that rely on ICOS data products are called Level 3 data.

By default level 2 data is retrieved but this can be changed by passing data_level to retrieve_icos. Below we’ll retrieve some more recent data from SAC.

In [2]: sac_data_level1 = retrieve_atmospheric(site="SAC", species="CH4", sampling_height="100m", data_level=1, dataset_source="icos")

In [4]:[0]

In [7]:[-1]

You can see that we’ve now got quite recent data, usually up until a day or so before these docs were built. The ability to retrieve different level data has been added for convenience, choose the best option for your workflow.

NOTE: level 1 data may not have been quality checked.

In [10]: sac_data_level1.plot_timeseries(title="SAC - Level 1 data")

Forcing retrieval#

As ICOS data is cached by OpenGHG you may sometimes need to force a retrieval from the ICOS Carbon Portal.

If you retrieve data using retrieve_icos and notice that it does not return the most up to date data (compare the dates with those on the portal) you can force a retrieval using force_retrieval.

In [11]: new_data = retrieve_atmospheric(site="SAC", species="CH4", data_level=1, force_retrieval=True)

Here we get a message telling us there is no new data to process, this will depend on the rate at which datasets are updated on the ICOS Carbon Portal.

2. CEDA#

To retrieve data from CEDA you can use the retrieve_surface function from openghg.retrieve.ceda. This lets you pull down data from CEDA, process it and store it in the object store. Once the data has been stored successive calls will retrieve the data from the object store.

NOTE: For the moment only surface observations can be retrieved and it is expected that these are already in a NetCDF file. If you find a file that can’t be processed by the function please open an issue on GitHub and we’ll do our best to add support that file type.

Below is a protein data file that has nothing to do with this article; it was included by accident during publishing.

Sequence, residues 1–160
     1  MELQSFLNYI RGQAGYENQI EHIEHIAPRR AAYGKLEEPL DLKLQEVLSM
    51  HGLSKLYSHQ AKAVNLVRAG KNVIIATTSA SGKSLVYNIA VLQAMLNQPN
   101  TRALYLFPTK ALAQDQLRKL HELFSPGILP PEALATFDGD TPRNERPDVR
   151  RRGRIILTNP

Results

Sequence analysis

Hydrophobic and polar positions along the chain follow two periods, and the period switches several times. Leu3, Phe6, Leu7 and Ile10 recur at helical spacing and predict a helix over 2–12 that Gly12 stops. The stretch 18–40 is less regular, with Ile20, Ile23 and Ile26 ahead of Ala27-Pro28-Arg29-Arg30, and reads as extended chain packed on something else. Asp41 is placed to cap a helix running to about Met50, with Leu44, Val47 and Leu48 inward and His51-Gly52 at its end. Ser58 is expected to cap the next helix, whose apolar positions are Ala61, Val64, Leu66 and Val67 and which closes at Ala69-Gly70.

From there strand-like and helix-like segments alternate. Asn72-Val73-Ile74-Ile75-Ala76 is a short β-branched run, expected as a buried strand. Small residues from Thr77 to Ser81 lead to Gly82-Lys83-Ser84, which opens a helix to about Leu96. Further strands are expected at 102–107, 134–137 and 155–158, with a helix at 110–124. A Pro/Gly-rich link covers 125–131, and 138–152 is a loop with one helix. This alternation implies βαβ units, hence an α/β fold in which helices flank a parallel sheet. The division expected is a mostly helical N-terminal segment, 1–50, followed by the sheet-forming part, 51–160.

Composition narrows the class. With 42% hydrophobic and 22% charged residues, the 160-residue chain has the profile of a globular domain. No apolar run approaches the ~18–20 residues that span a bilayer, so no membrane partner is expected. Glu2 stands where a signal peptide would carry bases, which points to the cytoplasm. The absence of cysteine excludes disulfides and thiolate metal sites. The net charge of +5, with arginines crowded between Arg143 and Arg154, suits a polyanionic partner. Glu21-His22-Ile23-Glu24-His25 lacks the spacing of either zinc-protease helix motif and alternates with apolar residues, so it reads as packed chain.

To pull data from CEDA you’ll first need to find the URL of the data. To do this use the CEDA data browser and copy the link to the file (right click on the download button and click copy link / copy link address). You can then pass that URL to retrieve_surface, it will then download the data, do some standardisation and checks and store it in the object store.

We don’t currently support downloading restricted data that requires a login to access. If you’d find this useful please open an issue at the link given above.

Now we’re ready to retrieve the data.

In [1]: from openghg.retrieve.ceda import retrieve_surface
In [2]: url = ""
In [3]: hfd_data = retrieve_surface(url=url)

In [3]: hfd_data

Now we’ve got the data, we can use it as any other ObsData object, using data and metadata.

In [4]: hfd_data.plot_timeseries()

Within an ipython session the plot will be opened in a new window, in a notebook it will appear in the cell below.

Retrieving a second time#

The second time we (or another user) retrieves the data it will be pulled from the object store, this should be faster than retrieving from CEDA. To get the same data again use the site, species and inlet arguments.

In [6]: hfd_data_ceda = retrieve_surface(site="hfd", species="co2")

In [7]: hfd_data_ceda

3. Cleanup#

If you’re finished with the data in this tutorial you can cleanup the tutorial object store using the clear_tutorial_store function.

In [8]: from openghg.tutorial import clear_tutorial_store
In [9]: clear_tutorial_store()
INFO:openghg.tutorial:Tutorial store at /home/gareth/openghg_store/tutorial_store cleared.